Friday, July 26, 2019

The Hours Of King Henry II of France

Here is another very beautiful illuminated manuscript from the website of the Bibliothèque national de France (Département des manuscrits, Latin 1429), a book of Hours made for King Henry II of France, who was born in 1519, and reigned from 1547 until his death in 1559. (During a tournament, he was injured in the eye by a fragment of his opponent’s lance, and died of sepsis after only ten days, an event which did much to end the popularity of jousting.) There are only 20 illustrated pages in the manuscript of 124 folios, and three of the images are very small, but they are all of an exceptionally high quality, and clearly show the strong influence of the Italian Renaissance. The majority of the images represent Biblical stories, some of which have no readily discernible relationship to the text they accompany.

Many books of Hours included a group of four Gospels, one from each of the Evangelists: John 1, 1-14, the Gospel of Christmas day; Luke 1, 26-38, the Annunciation; Matthew 2, 1-12, the Epiphany; and Mark 16, 14-20, the Ascension. This image (folio 3v) introduces the Gospel from St John; note the three faces of God, a type of representation which will be formally banned not long after this, in the wake of the Council of Trent. The eagle of St John has an inkpot and scroll case in its mouth.

Folio 5r, the beginning of the Gospel of St Luke. The lettering type seen here was popular with the Italian humanists of the 15th and 16th centuries, partly for the practical reason that it is easier to read than the Fraktur typefaces normally used by the Germans who invented movable type, partly because they believed it to be ancient Roman. (It actually comes from manuscripts of the Carolingian era.) The book has almost no abbreviations in the text, an unmistakable sign that it was made for a very wealthy person not concerned about saving space on the expensive paper.
Folio 8r; in the background, the Prophet Jonah is thrown into the sea, and in the foreground is spat out onto land by the whale. This precedes the Passion of St John, which covers the next 13 pages, and is followed by a prayer; Jonah is of course a symbol of Christ in His Passion.

Folio 15v, the Prophet Elisha multiplies the widow’s oil, (4 Kings 4, 1-7, the Epistle of Tuesday of the 3rd week of Lent). This precedes Matins of the Little Office of the Virgin Mary, perhaps in reference to the words of Psalm 44, “Thou hast loved justice, and hated iniquity: therefore God, thy God, hath anointed thee with the oil of gladness above thy fellows,” words eminently suitable to emphasize to a king. Note the ruins in the background, which derive from the Renaissance interest in the classical world; the building to the left is very reminiscent of the Colosseum.
Folio 28r, Jacob wrestles with the Angel (Genesis 32, 23-32); this is placed before Lauds of the Little Office, perhaps in reference to the words of the Benedicite “let Israel bless the Lord”, since it was at this episode that Jacob received the name Israel.

Folio 37r, the episode of the Bronze Serpent, Numbers 21, 4-9; this is placed before Matins of the Office of the Holy Cross for obvious reasons, since Christ Himself refers to it (John 3, 14) as a symbol of His Crucifixion.

Folio 38v, Abraham’s vision of the Trinity (Genesis 18, 1-10), placed before Matins of the Office of the Holy Spirit, since the feast of the Trinity is also the octave of Pentecost.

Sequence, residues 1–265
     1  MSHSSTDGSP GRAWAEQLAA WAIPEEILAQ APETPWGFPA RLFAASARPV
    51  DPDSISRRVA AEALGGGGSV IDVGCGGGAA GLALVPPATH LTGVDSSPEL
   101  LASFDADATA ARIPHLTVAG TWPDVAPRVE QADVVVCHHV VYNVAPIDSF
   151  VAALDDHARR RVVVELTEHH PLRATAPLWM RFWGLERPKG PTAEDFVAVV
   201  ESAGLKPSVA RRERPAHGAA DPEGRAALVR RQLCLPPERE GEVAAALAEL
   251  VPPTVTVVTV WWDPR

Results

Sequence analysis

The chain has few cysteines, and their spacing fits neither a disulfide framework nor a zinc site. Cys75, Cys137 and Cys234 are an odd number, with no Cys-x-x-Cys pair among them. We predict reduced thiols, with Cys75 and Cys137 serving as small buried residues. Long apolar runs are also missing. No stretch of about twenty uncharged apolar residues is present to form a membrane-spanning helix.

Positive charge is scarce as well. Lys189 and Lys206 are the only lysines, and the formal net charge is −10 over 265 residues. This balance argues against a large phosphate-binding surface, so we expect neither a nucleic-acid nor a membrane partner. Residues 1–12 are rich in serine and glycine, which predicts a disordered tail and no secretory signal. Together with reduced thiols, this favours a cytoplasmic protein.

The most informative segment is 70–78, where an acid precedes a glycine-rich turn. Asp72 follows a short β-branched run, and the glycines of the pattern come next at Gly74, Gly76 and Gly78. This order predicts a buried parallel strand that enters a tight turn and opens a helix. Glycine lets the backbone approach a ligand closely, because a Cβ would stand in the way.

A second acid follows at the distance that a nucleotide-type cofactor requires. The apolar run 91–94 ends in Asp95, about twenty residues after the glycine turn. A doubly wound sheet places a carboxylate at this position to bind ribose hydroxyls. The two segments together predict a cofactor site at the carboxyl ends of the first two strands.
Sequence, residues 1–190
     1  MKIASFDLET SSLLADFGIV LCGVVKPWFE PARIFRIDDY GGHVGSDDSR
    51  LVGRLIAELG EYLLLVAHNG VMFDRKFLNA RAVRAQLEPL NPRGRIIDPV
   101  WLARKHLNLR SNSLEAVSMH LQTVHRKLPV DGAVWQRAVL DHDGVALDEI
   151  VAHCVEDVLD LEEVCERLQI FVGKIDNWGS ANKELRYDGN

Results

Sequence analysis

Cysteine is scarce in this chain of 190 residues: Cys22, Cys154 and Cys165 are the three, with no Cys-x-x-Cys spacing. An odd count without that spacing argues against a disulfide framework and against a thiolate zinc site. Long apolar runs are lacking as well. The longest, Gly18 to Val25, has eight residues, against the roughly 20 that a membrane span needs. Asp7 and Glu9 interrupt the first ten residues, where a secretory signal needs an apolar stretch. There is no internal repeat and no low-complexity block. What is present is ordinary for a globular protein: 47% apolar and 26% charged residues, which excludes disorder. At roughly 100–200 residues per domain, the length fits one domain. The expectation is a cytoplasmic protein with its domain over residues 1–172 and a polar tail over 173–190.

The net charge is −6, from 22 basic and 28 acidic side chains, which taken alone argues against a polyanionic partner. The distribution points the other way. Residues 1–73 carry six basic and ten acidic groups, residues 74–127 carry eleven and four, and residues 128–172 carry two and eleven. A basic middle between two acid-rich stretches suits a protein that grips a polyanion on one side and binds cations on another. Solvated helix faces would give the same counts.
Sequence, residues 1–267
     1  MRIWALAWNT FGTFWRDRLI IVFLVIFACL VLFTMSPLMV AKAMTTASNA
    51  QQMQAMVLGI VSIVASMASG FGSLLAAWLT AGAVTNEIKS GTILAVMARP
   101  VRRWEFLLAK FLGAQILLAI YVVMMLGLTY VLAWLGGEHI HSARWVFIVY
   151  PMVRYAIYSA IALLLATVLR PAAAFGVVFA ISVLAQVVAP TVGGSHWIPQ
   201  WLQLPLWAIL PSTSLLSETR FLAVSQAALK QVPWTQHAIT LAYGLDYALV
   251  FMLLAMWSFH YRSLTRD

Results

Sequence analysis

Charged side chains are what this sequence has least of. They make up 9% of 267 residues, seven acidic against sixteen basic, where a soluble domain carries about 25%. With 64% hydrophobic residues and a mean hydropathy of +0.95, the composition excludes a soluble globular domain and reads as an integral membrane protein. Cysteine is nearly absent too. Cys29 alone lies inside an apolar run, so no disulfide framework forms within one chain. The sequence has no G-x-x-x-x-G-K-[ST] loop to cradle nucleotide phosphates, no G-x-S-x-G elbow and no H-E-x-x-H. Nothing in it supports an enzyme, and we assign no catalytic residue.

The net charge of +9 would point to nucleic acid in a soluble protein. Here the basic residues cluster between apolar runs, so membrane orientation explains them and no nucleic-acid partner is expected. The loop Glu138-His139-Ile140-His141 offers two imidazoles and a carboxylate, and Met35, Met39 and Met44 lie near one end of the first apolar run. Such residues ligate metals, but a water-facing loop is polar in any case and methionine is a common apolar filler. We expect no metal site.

Folio 40r, St Peter’s vision of the sheet with the clean and unclean animals (Acts 10, 9-16), before Prime of the Little Office, in reference to Psalm 116, the third of that Hour: “O praise the Lord, all ye nations; praise him, all ye people. For his mercy is confirmed upon us, and the truth of the Lord remaineth for ever.”

Folio 45r, Moses makes water run from the rock (Numbers 20, 1-16), before Terce of the Little Office. This may refer to the words of Psalm 119, “In my trouble I cried to the Lord: and he heard me,” as the children of Israel cried out for water in the desert, and also to the words “Woe is me, that my sojourning is prolonged!”, as their sojourn in the desert was prolonged.

Folio 49v, the three children in the furnace (Daniel 3), before Sext of the Little Office.
Folio 54r, the ascent of Elijah in the fiery chariot (4 Kings 2, 11-12), before None of the Little Office.
Folio 58v, Samson carries away the gates of Gaza (Judges 16, 1-3), before Vespers of the Little Office; in the background is another building inspired by the ruins of the Colosseum.
Folio 65v, the Prophet Elijah is fed by an angel (3 Kings 19, 4-9), before Compline of the Little Office.
Folio 73v, the trials of Job, who is rebuked by his wife (Job 1-2), one of the common motifs used to introduce the Penitential Psalms; together with the Litany of the Saints, these occupy the next 27 pages.

Folio 87v, the prophet Habakkuk brings food to Daniel in the lions’ den (Daniel 14, 35-37, from the Epistle of Passion Tuesday), before the Office of the Dead. This refers to the third antiphon of Matins of the Dead, “Lest at any time he seize upon my soul like a lion, while there is no one to redeem me, nor to save,” Psalm 7, 3.
Folio 107v, King Henry uses the royal touch to heal scrofula, a practice which by the time of his coronation in 1547 had been part of the coronation rite of the French kings for centuries. This precedes a series of prayers “which the Kings of France are wont to say when they wish to touch those who are ill with scrofula.”

Folio 2v, the frontispiece with the arms of the king
Folio 3r, with the inscription “To Henry II, most Christian king of the French, most happily.”
Folio 6v, the beginning of the Gospel from St Matthew
Folio 7v, the beginning of the Gospel from St Mark

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